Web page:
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Neither the elite, nor the mass. The rise of intermediate human capital during the French industrialization process

Author

Listed:
  • Claude Diebolt

    (BETA - Bureau d'Économie Théorique et Appliquée - AgroParisTech - UNISTRA - Université de Strasbourg - Université de Haute-Alsace (UHA) - Université de Haute-Alsace (UHA) Mulhouse - Colmar - UL - Université de Lorraine - CNRS - Centre National de la Recherche Scientifique - INRAE - Institut National de Recherche pour l’Agriculture, l’Alimentation et l’Environnement)

  • Charlotte Le Chapelain

    (BETA - Bureau d'Économie Théorique et Appliquée - AgroParisTech - UNISTRA - Université de Strasbourg - Université de Haute-Alsace (UHA) - Université de Haute-Alsace (UHA) Mulhouse - Colmar - UL - Université de Lorraine - CNRS - Centre National de la Recherche Scientifique - INRAE - Institut National de Recherche pour l’Agriculture, l’Alimentation et l’Environnement, CLHDPP - Centre lyonnais d'Histoire du droit et de la pensée politique - UJML - Université Jean Moulin - Lyon 3 - Université de Lyon)

  • Audrey Rose Menard

    (LEMNA - Laboratoire d'économie et de management de Nantes Atlantique - IEMN-IAE Nantes - Institut d'Économie et de Management de Nantes - Institut d'Administration des Entreprises - Nantes - UN - Université de Nantes)

Abstract

This paper investigates the development of intermediate human capital in nineteenth century France. We perform panel and cross-section regression analyses to compare the effect of technological change on basic vs. intermediate human capital accumulation. Our contribution reveals that a shift in the kind of skills required occurred in the second half of the nineteenth century. We show that steam technology adoption was conducive to the accumulation of intermediate human capital in the second half of the nineteenth century.

Suggested Citation

  • Claude Diebolt & Charlotte Le Chapelain & Audrey Rose Menard, 2021. "Neither the elite, nor the mass. The rise of intermediate human capital during the French industrialization process," Post-Print hal-03345552, HAL.
  • Handle: RePEc:hal:journl:hal-03345552
    DOI: 10.1007/s11698-019-00199-6
    Note: View the original document on HAL open archive server: https://hal.science/hal-03345552
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    Citations

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    Cited by:

    1. Pau Insa-Sánchez, 2021. "Inequality of Opportunity in Access to Secondary Education in 19th Century," Documentos de Trabajo (DT-AEHE) 2106, Asociación Española de Historia Económica.
    2. Lehmann-Hasemeyer, Sibylle & Prettner, Klaus & Tscheuschner, Paul, 2023. "The scientific revolution and its implications for long-run economic development," World Development, Elsevier, vol. 168(C).
    3. Montalbo, Adrien, 2021. "Schools without a law: Primary education in France from the Revolution to the Guizot Law," Explorations in Economic History, Elsevier, vol. 79(C).
    4. Adrien Montalbo, 2022. "Primary education and economic growth in nineteenth-century France," Cliometrica, Springer;Cliometric Society (Association Francaise de Cliométrie), vol. 16(2), pages 277-332, May.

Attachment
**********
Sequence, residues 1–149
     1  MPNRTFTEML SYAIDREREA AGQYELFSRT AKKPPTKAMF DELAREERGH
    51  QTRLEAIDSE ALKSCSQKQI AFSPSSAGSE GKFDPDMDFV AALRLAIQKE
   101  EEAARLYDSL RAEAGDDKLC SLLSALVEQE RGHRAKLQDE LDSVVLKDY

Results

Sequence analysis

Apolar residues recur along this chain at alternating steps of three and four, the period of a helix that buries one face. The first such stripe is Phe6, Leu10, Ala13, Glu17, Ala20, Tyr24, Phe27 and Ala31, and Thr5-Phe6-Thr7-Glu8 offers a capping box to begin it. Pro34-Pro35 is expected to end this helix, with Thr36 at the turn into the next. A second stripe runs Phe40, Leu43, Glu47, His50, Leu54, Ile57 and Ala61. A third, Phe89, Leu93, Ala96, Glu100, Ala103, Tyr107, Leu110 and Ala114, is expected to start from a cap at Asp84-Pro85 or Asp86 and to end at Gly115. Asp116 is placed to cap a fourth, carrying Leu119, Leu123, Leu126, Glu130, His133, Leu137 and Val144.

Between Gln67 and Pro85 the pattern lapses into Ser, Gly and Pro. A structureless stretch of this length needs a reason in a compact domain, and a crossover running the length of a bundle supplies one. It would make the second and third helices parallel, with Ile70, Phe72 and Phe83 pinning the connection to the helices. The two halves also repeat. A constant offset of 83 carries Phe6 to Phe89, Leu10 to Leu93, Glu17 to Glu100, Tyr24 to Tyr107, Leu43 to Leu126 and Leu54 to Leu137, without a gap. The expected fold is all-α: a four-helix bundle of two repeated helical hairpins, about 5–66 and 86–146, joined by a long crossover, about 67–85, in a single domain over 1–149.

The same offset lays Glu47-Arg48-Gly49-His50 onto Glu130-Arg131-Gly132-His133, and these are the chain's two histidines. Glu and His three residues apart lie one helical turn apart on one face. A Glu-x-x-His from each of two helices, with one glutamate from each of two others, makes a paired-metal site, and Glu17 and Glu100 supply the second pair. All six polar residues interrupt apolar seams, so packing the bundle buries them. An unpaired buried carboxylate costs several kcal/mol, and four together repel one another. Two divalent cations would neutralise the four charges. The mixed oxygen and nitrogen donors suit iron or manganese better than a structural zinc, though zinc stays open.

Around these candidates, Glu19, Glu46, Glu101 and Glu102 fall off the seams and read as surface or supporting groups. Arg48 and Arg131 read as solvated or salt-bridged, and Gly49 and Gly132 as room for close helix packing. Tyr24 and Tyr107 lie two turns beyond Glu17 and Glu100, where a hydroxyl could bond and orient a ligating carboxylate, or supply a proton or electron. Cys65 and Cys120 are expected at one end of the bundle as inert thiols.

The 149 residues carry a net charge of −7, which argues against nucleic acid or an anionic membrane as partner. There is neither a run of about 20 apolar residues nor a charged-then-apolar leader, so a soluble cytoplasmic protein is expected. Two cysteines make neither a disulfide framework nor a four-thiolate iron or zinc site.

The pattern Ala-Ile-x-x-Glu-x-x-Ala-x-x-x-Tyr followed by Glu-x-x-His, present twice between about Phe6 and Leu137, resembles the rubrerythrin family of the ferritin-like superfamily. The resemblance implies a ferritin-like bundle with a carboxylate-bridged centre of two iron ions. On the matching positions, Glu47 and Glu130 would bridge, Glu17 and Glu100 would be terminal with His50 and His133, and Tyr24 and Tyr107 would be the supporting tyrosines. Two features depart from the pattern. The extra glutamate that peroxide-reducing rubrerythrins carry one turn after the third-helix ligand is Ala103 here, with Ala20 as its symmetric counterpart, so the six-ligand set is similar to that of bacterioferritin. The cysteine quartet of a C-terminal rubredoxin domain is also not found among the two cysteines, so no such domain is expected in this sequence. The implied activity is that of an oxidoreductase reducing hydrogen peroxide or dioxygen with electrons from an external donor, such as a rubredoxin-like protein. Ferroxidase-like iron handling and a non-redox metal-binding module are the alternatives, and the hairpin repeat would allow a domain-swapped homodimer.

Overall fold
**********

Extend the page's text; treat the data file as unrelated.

5. Adrien Montalbo, 2020. "Education supply and economic growth in nineteenth-century France," Working Papers halshs-02482643, HAL.
    6. Adrien Montalbo, 2020. "Education supply and economic growth in nineteenth-century France," PSE Working Papers halshs-02482643, HAL.
    7. Pau Insa-Sánchez & Alfonso Díez-Minguela, 2023. "Starting high school? On the origins of secondary education in Spain, 1857–1901," Cliometrica, Springer;Cliometric Society (Association Francaise de Cliométrie), vol. 17(2), pages 233-259, May.
    8. Giovanni Federico & Alessandro Nuvolari & Leonardo Ridolfi & Michelangelo Vasta, 2021. "The race between the snail and the tortoise: skill premium and early industrialization in Italy (1861–1913)," Cliometrica, Journal of Historical Economics and Econometric History, Association Française de Cliométrie (AFC), vol. 15(1), pages 1-42, January.

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    More about this item

    Keywords

    Human Capital; Industrialization; Steam engines; Technological change; France;
    All these keywords.

    JEL classification:

    • A12 - General Economics and Teaching - - General Economics - - - Relation of Economics to Other Disciplines
    • C18 - Mathematical and Quantitative Methods - - Econometric and Statistical Methods and Methodology: General - - - Methodolical Issues: General
    • C80 - Mathematical and Quantitative Methods - - Data Collection and Data Estimation Methodology; Computer Programs - - - General
    • I21 - Health, Education, and Welfare - - Education - - - Analysis of Education
    • N13 - Economic History - - Macroeconomics and Monetary Economics; Industrial Structure; Growth; Fluctuations - - - Europe: Pre-1913
    • N33 - Economic History - - Labor and Consumers, Demography, Education, Health, Welfare, Income, Wealth, Religion, and Philanthropy - - - Europe: Pre-1913
    • N73 - Economic History - - Economic History: Transport, International and Domestic Trade, Energy, and Other Services - - - Europe: Pre-1913
    • N93 - Economic History - - Regional and Urban History - - - Europe: Pre-1913
    • O14 - Economic Development, Innovation, Technological Change, and Growth - - Economic Development - - - Industrialization; Manufacturing and Service Industries; Choice of Technology
    • O33 - Economic Development, Innovation, Technological Change, and Growth - - Innovation; Research and Development; Technological Change; Intellectual Property Rights - - - Technological Change: Choices and Consequences; Diffusion Processes

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